Richard Hawley - Biography
By Marcus Kagler
When Richard Hawley croons his particular brand of lushly arranged chamber pop hearts tend to swoon. The Sheffield, England native exists in the twilight somewhere between the heyday of Scott Walker, Frank Sinatra, and Elvis Presley in equal measure.
The son of a steel worker, Hawley was taught the guitar at an early age while living on the wrong side of the tracks in the working class city of Sheffield. In 1994, Hawley co-founded the short lived Britpop quartet Longpigs and the band soon signed to U2’s Mother label. After two albums and a final American tour that left Hawley in a drug induced alcoholic stupor he was approached by long time friend (and Pulp frontman) Jarvis Cocker to be the Pulp’s touring guitarist for their This Is Hardcore tour. Hawley accepted and quickly found himself in a much healthier rock n’roll environment. After the eventual dissolution of Longpigs, Hawley became a sought after session musician playing guitar on tracks for Robbie Williams, All Saints, and Beth Orton. After a few Pulp tours Cocker and bassist Steve Mackey convinced Hawley to enter the studio and record some of his own material.
Hawley’s debut solo effort, Late Night Final (2002-Bar/None) was named after the cry of Sheffield street vendors hawking the evening addition of the Sheffield Star newspaper. Sheffield would continue to play muse throughout his solo career. All of Hawley’s album titles reference Sheffield and Hawley continues to live in his hometown today. Although Late Night Final exhibited some Britpop remnants it was Hawley’s masterful deep croon that took center stage. A year later he returned with Lowedges (2003-XL Recordings) named after a town outside Sheffield. The album marked a significant shift from Britpop toward exquisite orchestrated pop.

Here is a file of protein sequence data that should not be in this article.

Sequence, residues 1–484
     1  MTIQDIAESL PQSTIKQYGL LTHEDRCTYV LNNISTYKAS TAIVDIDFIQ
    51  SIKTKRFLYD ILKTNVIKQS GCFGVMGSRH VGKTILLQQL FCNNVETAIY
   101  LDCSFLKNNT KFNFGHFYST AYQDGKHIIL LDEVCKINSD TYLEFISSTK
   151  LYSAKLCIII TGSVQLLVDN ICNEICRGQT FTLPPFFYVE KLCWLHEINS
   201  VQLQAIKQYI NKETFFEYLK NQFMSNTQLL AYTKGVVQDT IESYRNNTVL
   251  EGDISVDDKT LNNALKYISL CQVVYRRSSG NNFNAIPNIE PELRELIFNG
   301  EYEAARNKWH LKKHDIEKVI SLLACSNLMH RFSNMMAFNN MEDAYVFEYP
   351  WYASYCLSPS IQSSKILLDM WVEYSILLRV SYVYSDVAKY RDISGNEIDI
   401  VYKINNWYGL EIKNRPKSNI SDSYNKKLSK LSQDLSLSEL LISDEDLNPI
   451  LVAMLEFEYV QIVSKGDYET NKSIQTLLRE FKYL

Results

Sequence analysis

In 2005 Hawley released his strongest album to date. Cole’s Corner (2005-Mute) was named after the local make out point in Sheffield and brought Hawley a Mercury Award nomination for best album of 2006. Hawley would lose to the Arctic Monkey’s debut album causing the Monkey’s front man Alex Turner to exclaim, “Someone call 999. Richard Hawley’s been robbed.” During the Cole’s Corner tour Hawley started a promotional tradition of selling bottles of Henderson’s Relish with the Cole’s Corner artwork on the cover. After a successful tour Hawley convinced Jarvis Cocker to return to Sheffield and record his first solo album, aptly titled, Jarvis. Hawley contributed the majority of the guitar work for the album before heading back into the studio to record his fourth full length album, Lady’s Bridge (2007-Mute), named after the oldest bridge in Sheffield. The recording process would be bittersweet as Hawley’s father passed away during the process. The finished album proved to be Hawley’s most diverse set of songs with orchestral pop numbers followed by vintage rockabilly ditties even with some blue country thrown in for good measure. Richard Hawley continues to live and record in his beloved Sheffield.